A Quick-start Meditation Guide

In today’s society, mental clarity is a rare commodity. There are so many things that call for our attention, it can be hard to just take a breath and relax. Often, the sheer amount of input that comes at us can be overwhelming and cause problems. One source of this angst may be smartphones. In these modern times, you pretty much never see anyone without a screen in his or her hand or pocket.

Not only is excessively using your smartphone distracting, it is also dangerous to your mental health. Recently, the use of smartphones was linked to depression and anxiety among young adults. In a study conducted just last year, researchers found that excessive smartphone use correlated to symptoms of depression in the college-age participants. Participants also reported reduced sleep time and family interaction. It may be time to start unplugging for short periods of time and allowing your mind to refocus. One of the tools that can help you do this is meditation.

What is Meditation?

Meditation is a mind-training technique that originates in many eastern religions. These practices are said to help develop concentration, clarity of mind, and calmness. There are several origin points for meditation in history, but the overall concept is the same.

Today, meditation is a part of several forms of health practices including Yoga, Tai Chi, Zen, Kung Fu, and other such practices. Since the mind is the control center for the body, it is important to keep it strong and focused.

After hearing about all of the different arts that use meditation, it’s easy to get confused about where to start. However, beginning a meditation exercise is very simple. In this article, we’ve created a short guide to help you start your path to mental clarity.

Getting Started with Meditation

While there are different variations of meditation, this guide will focus on concentration meditation. Concentration meditation is a type of meditation that focuses on a single point.

1. Find a Quiet Place to Meditate

The entire goal of meditation is to improve mental peace and clarity. Obviously, it would not make sense to try and meditate in a noisy area with lots of distractions. Good places to meditate include dimly light rooms, closets, and secluded wood areas. Basically, find a quiet place where you can allow your mind to relax. Oh, important rule, NO CELL PHONES.

2. Sit or Lie Comfortably

Being in a relaxed position is perhaps the most important step in meditation. It is nearly impossible to focus the mind when the body is tense and uncomfortable. Either sitting down or lying down will work for meditation, whatever your preference is.

3. Breathe

This may sound like a “duh,” but this part is actually crucial. When meditating, your breathing should be relaxed, and allow your mind to open.

Interestingly, there are actually some different schools of thought on whether you should use breathing patterns for meditations. Some say that you should simply breathe naturally, and make no attempt to control it. Others, such as Dr. Andrew Weil, recommend using a 4-7-8 pattern to focus the mind. This pattern instructs you to inhale through your nose for 4 seconds, hold for 7 seconds, and exhale through your mouth for 8 seconds.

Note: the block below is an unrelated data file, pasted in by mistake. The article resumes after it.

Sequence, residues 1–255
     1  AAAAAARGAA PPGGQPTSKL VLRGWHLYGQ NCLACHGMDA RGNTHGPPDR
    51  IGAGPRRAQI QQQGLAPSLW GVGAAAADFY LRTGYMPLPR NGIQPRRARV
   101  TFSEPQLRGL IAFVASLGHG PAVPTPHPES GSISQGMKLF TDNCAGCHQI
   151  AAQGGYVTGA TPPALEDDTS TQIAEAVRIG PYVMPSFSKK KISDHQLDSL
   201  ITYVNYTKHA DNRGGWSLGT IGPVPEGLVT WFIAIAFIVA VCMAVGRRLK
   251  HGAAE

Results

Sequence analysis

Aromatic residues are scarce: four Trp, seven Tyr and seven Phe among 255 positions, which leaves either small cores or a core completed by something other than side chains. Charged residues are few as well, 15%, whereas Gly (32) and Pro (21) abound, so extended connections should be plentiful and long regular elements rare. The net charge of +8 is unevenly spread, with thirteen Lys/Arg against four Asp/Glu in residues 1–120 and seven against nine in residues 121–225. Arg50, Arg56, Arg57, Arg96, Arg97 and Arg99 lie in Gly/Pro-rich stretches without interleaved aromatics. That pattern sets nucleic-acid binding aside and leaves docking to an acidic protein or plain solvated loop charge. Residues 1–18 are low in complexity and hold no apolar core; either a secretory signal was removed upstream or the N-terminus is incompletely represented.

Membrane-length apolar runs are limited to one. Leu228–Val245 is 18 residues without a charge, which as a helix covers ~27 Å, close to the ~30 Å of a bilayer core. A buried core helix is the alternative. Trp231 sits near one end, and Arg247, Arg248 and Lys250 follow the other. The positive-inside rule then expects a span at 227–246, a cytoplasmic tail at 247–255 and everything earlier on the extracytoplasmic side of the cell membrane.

4. Focus Your Mind

This step is the hardest. With concentration meditation, there are several points you can use to focus. One of the things you can focus on is your breathing. Concentrate on the natural rise and fall of your upper body. Instead of controlling your breathing, simply allow it to be.

Other devices you can use to focus include mantras. Mantras are simple phrases that you repeat either aloud or in your head. In this manner, meditation is similar to autogenic training, which is a relaxation technique that uses the mind to create physical sensations in the body.

 

Further Tips and Insights

Although meditation is simple, it is by no means easy. For beginners just starting to take breaks from a day full of sensory overloads, it can be extremely challenging to focus. Most meditation experts recommend meditating for just a few minutes in the beginning. As you progress in your ability, meditate for longer and longer periods of time. For example, start with 5 minutes, then progress to 7 minutes, then 10, and so on. A good target time to aim for is 20 minutes.

 

There have been some individuals who have been able to (allegedly) meditate for multiple days without touching food or water. One such record is the infamous “Buddha Boy” who meditated for 96 hours without food or water. Although you may not want to be quite that extreme, it does suggest that meditation can be a powerful tool.

 

Conclusion

Training the mind is something that most of us forget to do. Unfortunately, we often suffer the consequences for it. People today are plagued by depression, anxiety, and lack of sleep. Fortunately, practicing meditation helps you combat against these conditions. So the real question is, what’s keeping you from getting started?

 

 

Sources

https://www.ncbi.nlm.nih.gov/pmc/articles/PMC5544206/

https://en.wikipedia.org/wiki/History_of_meditation

https://thebuddhistcentre.com/text/what-meditation

https://www.ncbi.nlm.nih.gov/pmc/articles/PMC4142584/

https://www.drweil.com/health-wellness/body-mind-spirit/stress-anxiety/breathing-three-exercises/

https://www.collective-evolution.com/2013/08/07/buddha-boy-goes-10-months-without-food-or-water-scientific-community-is-baffled/